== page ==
• I appreciate the undo commands and history feature.
  • With thoughtful use, most images can be improved.

What Could Have Been Better

  • Thumbnail previews are small. I'd like to see a bigger presentation on screen.
  • No built-in help. Although Dehancer is easy to use, questions always arise. Yes, I can go to the material on the website, but give it to me in-app.

Buying Dehancer

You can purchase Dehancer from the company website. There is a free trial and various levels of commitment. 3 months for $69.00, 6 months for $89.00, a year for $129.00, or a lifetime subscription for $199.00. If you're going to use the software, the lifetime option seems clearly the best deal, because even a 1-year renewal would cost more than the lifetime subscription. Purchase includes 2 seats.

Summing Up

Dehancer works, and works well. It's easy to figure out, and most photographers, advanced or beginners, will get going right away. I was a bit skeptical if this was software I needed, but after many days of using it I'll want to keep it in my workflow.

Some say that they don't want any software presets getting in the way of their editing, and it's a valid position. Still, I like being able to see, with a click, some other approaches to my personal vision. And, I love the look of film, and Dehancer can get my digital images darned close to a filmic look, which you may want in some or many of your images. At the same time, you're not stuck with any of the provided emulations; you can enhance and morph the look into something unique to you.

I see Dehancer as yet another arrow in my digital quiver, and it's a welcome and useful tool.

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Do not take this wrong way! I know photographers in the end are artist making an image taken to a scale of what they think looks best in their eye. We all do it, I for one have done many images of Astro Milky Way's that no one can really see at night but the camera can see due to a longer deeper look with a slower speed and gather more light than the human eye and capture colors the human eye can not see in a very dark environment. The first time I saw the MW on the back of my A7S and then looked back at the dark sky with blinding light from below and around side to side and could only see some stars.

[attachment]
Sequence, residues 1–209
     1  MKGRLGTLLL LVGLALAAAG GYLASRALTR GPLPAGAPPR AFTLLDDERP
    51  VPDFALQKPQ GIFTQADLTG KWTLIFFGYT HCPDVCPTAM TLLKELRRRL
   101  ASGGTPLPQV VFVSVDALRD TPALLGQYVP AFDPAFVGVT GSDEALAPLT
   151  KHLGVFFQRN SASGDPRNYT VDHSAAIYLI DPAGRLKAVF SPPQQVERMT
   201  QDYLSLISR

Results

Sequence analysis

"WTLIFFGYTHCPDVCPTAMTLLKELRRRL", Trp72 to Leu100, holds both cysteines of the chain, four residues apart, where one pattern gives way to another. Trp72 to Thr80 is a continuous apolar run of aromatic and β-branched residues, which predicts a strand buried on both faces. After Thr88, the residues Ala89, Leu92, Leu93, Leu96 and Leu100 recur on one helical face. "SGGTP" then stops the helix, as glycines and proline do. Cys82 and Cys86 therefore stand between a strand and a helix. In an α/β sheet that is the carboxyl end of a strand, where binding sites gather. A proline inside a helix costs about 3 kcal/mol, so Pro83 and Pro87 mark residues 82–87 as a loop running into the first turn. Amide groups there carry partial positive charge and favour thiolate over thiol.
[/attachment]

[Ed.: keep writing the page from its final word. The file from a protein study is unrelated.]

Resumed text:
The point here, is for me, is to capture an image and get the colors most like what was seen for I have invested in many true color tools. But in the end even if editing on the spot of capture due to light changes it is your memory that helps some get it right.
Like going to the Grand Canyon the colors way down at the bottom you see in the twilight before the sun lights it up with speed of a fighter jet but doing a bracketed image where the brightest image helps the HDR program bring it about where the images on the postcards have varying shades of blue.
Oh well, I am back at settings and white ballance selections as well as selecting in post a programs selection of profiles to use that I could have used also, a best guess by a programer to edit a profile of the camera makers selection of a profile to use.
And as we look back at our old film photos they even with the film used depended on the develop chemicals used also.
Again, Oh well, we just have another brush to use to get that pleasing image for our walls and possibly many walls.
1. A film print with objects taken with a digital camera a finale image I edited to get the best of!
2. First sight of Milky Way using the glasses of my camera with very little processing due to it being 2015 and using then C1 as a program like Lr today but very few options at the time for it was a studio program and just $30
3. A smoke filled Grand Canyon using a bracketed capture, I saw it this way but a single image could not capture.
4. Just a tourist shot with a new 12mm and A7RM2 getting a single image panorama style from in front of hotel room window, the best view of a morning sunrise the eye sees with peripheral vision added for wideness of view.
The last two I used the Datacolor Spydercube in one image and then these images to edit in post, does it help who knows but worth a try.
Does using film profiles help also! It is the photographers brush of choice that matters!

That beach shot is sublime. I do also like how the image colors look 'separated', like they are tuned independently (vs universal shifts).

Nice work, cheers.

The author must have an unlimited budget to keep this plugin in their workflow.